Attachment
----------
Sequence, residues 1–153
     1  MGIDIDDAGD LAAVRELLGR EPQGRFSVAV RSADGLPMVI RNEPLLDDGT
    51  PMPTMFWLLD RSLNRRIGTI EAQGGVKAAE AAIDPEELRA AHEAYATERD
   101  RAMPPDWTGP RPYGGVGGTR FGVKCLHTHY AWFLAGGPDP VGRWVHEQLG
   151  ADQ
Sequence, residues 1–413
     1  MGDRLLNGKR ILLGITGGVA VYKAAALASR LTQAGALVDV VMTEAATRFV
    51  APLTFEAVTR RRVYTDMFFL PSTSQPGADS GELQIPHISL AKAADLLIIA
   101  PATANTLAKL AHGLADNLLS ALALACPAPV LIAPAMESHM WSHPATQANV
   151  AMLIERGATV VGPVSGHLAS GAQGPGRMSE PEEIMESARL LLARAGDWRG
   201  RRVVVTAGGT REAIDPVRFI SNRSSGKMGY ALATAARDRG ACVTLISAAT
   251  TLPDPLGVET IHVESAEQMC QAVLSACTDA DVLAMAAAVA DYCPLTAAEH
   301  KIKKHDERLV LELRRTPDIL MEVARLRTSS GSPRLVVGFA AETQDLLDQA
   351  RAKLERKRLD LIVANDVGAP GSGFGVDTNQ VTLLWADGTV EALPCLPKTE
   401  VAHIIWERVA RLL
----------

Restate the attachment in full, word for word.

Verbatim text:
Sequence, residues 1–153
     1  MGIDIDDAGD LAAVRELLGR EPQGRFSVAV RSADGLPMVI RNEPLLDDGT
    51  PMPTMFWLLD RSLNRRIGTI EAQGGVKAAE AAIDPEELRA AHEAYATERD
   101  RAMPPDWTGP RPYGGVGGTR FGVKCLHTHY AWFLAGGPDP VGRWVHEQLG
   151  ADQ
Sequence, residues 1–413
     1  MGDRLLNGKR ILLGITGGVA VYKAAALASR LTQAGALVDV VMTEAATRFV
    51  APLTFEAVTR RRVYTDMFFL PSTSQPGADS GELQIPHISL AKAADLLIIA
   101  PATANTLAKL AHGLADNLLS ALALACPAPV LIAPAMESHM WSHPATQANV
   151  AMLIERGATV VGPVSGHLAS GAQGPGRMSE PEEIMESARL LLARAGDWRG
   201  RRVVVTAGGT REAIDPVRFI SNRSSGKMGY ALATAARDRG ACVTLISAAT
   251  TLPDPLGVET IHVESAEQMC QAVLSACTDA DVLAMAAAVA DYCPLTAAEH
   301  KIKKHDERLV LELRRTPDIL MEVARLRTSS GSPRLVVGFA AETQDLLDQA
   351  RAKLERKRLD LIVANDVGAP GSGFGVDTNQ VTLLWADGTV EALPCLPKTE
   401  VAHIIWERVA RLL